Western Canadian researchers have discovered an internal messaging system plants use to manage the growth and division of cells.
These growth-management processes are critical for all organisms, because without them, cells can proliferate out of control — as they do in cancers and bacterial infections.
Researchers from the University of British Columbia, along with colleagues from the universities of Manitoba and Saskatchewan, say plants use this messaging system to survive under harsh conditions or to compete successfully when conditions are favourable.
It tells them when to grow, when to stagnate, when to flower, and when to store resources — all based on the prevailing conditions. Understanding how it all works could enable innovations in agriculture, forestry and conservation as climate change takes hold.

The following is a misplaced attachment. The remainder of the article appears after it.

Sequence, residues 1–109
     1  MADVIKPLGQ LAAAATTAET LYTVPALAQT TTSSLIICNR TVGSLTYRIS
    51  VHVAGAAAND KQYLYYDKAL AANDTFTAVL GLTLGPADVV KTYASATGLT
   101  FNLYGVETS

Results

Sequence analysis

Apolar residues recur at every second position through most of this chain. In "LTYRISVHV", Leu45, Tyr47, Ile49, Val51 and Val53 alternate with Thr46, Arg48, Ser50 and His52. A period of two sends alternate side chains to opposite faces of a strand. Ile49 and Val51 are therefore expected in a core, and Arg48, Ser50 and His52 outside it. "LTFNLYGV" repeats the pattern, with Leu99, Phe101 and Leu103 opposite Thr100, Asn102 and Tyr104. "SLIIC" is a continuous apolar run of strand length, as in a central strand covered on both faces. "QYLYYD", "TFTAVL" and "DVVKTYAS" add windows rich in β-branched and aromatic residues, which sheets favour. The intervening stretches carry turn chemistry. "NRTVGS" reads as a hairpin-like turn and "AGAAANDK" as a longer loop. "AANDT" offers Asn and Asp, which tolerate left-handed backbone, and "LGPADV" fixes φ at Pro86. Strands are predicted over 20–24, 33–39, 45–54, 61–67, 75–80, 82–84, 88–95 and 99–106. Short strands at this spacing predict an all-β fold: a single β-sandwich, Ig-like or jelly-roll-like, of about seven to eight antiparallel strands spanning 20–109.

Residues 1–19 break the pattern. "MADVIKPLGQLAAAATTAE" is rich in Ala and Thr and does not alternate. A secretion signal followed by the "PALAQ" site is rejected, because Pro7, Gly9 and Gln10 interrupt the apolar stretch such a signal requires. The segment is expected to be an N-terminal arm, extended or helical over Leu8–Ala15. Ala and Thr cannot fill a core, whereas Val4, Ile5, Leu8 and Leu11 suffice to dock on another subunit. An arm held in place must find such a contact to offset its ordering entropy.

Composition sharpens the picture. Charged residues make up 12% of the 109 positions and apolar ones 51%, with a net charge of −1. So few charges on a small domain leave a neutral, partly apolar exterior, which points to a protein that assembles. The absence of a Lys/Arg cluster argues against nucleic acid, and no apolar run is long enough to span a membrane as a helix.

UBC botany professor, Geoffrey Wasteneys says the system is driven by a protein called CLASP. The protein, found in plants, animals and fungi, plays an essential role in cell growth and division by co-ordinating the assembly of filaments within cells.
Their study published in the journal Current Biology reveals that production of CLASP is reduced by a plant-growth hormone called brassinosteroid.
Researchers say the findings could be of particular interest to agriculture as dry conditions have hit several crop-growing regions around the world this year, including the Prairies.
“One of the aims of the future is to be able to have smart plants that can sense their environment and adjust their development, so that they will reliably produce crops under increasingly adverse conditions,” said Wasteneys.